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McCarran traffic drops 3 percent in September

30 October 2012

By Tim O'Reiley

LAS VEGAS -- The slide in passenger traffic at McCarran International Airport intensified in September with the weakest performance in more than two years.

The 3.4 million people passing in and out of its terminals marked a 3 percent decline compared with the same month last year, as four of the five top airlines shrank. Only discounter Spirit, which aggressively boosted its local schedule last year and added a crew base, showed a gain among that group.

As a result, the rate of decline was the steepest since the 5 percent dip in April 2010. A modest recovery had begun toward the end of 2010 after a sharp fall during the recession, as passenger totals rose 4.3 percent in 2011 and 3 percent during the four months through April 2012. The results started to tail off.

The 31.5 million passenger figure for the nine months through September is now only 0.9 percent better than last year.

Las Vegas-based Allegiant Air, which had been growing rapidly earlier in the year, saw its passenger total fall 1.5 percent, and it fell from the ranks of the five largest. At a conference of Wall Street analysts in September, airline executives pointed to the sharply higher fees and rents McCarran is charging the airlines to pay for the new $2.4 billion Terminal 3.

But two other larger factors are at work. Many of the large carriers, including Delta Air Lines, United Airlines and US Airways, have reined in their schedules. What they call capacity discipline is designed to allow them to raise fares because of reduced supply, helping them to offset higher fuel costs. For the industry, fuel has grown into the largest expense item.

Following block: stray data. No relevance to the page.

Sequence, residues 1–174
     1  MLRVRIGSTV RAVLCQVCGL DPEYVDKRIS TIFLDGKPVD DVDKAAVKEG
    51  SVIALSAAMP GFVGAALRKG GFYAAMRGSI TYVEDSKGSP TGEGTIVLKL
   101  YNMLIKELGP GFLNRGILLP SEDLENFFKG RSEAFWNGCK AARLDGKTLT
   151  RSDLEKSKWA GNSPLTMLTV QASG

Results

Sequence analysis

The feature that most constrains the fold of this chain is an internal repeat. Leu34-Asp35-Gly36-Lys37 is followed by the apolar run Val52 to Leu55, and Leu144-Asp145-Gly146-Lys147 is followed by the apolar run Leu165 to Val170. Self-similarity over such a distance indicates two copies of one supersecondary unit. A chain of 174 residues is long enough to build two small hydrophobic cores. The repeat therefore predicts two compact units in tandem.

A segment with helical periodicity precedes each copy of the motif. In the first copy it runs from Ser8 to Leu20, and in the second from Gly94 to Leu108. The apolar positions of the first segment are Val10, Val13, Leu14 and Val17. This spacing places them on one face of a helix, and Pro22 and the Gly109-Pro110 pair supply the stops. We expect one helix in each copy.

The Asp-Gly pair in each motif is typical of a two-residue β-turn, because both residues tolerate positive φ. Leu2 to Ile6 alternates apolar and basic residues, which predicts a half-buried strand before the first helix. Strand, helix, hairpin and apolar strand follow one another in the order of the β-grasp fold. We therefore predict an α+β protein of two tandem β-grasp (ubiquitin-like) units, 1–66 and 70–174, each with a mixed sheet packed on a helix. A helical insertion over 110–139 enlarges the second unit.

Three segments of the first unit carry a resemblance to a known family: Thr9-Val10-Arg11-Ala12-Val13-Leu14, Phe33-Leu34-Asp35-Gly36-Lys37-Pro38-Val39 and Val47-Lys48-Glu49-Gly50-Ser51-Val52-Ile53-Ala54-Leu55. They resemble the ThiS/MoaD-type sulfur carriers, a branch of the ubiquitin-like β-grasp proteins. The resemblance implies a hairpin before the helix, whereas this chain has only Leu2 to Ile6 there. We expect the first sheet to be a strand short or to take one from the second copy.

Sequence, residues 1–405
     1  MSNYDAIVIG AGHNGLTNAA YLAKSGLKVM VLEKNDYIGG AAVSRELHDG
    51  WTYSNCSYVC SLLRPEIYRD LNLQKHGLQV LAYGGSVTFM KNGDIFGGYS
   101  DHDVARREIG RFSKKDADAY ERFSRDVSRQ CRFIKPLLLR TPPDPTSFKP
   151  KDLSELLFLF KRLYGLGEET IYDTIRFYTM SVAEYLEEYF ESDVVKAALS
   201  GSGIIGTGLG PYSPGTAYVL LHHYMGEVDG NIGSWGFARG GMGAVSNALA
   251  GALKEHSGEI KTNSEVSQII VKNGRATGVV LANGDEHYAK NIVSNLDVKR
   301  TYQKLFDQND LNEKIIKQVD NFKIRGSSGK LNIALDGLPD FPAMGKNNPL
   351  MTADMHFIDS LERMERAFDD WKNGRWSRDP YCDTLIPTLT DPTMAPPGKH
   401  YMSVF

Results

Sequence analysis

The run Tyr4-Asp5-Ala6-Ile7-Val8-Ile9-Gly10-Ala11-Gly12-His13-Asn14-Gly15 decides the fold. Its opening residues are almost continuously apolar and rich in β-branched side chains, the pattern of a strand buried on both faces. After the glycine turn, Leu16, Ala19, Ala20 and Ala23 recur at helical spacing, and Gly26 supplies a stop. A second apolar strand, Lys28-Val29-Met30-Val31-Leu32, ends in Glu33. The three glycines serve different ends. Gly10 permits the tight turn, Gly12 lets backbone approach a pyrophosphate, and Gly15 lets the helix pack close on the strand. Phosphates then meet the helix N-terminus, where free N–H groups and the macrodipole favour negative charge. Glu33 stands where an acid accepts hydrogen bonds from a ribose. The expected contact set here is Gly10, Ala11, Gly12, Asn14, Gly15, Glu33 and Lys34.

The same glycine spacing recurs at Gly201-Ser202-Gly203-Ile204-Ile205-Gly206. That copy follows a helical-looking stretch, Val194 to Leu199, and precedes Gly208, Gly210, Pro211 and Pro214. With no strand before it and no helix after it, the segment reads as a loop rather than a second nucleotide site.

In addition, government surveys have consistently shown Las Vegas as one of the cheapest destinations in the country because it is so heavily skewed toward leisure travelers. Business fliers often pay much higher ticket prices to get flexible conditions or because they buy on short notice.

The McCarran flight numbers cast a large influence over the entire visitor industry, not only because more than 40 percent of people fly here but surveys have shown these people often stay longer and spend more.

Although some domestic carriers, such as Spirit, Hawaiian and Virgin America, have continued to grow, they have not offset the cutbacks by their rivals.

International traffic continues as a bright spot with a 9.7 gain for the month, but this was a slowdown from the 11.2 percent for the year to date. Almost all of the airlines in this sector posted gains.


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Tim O'Reiley
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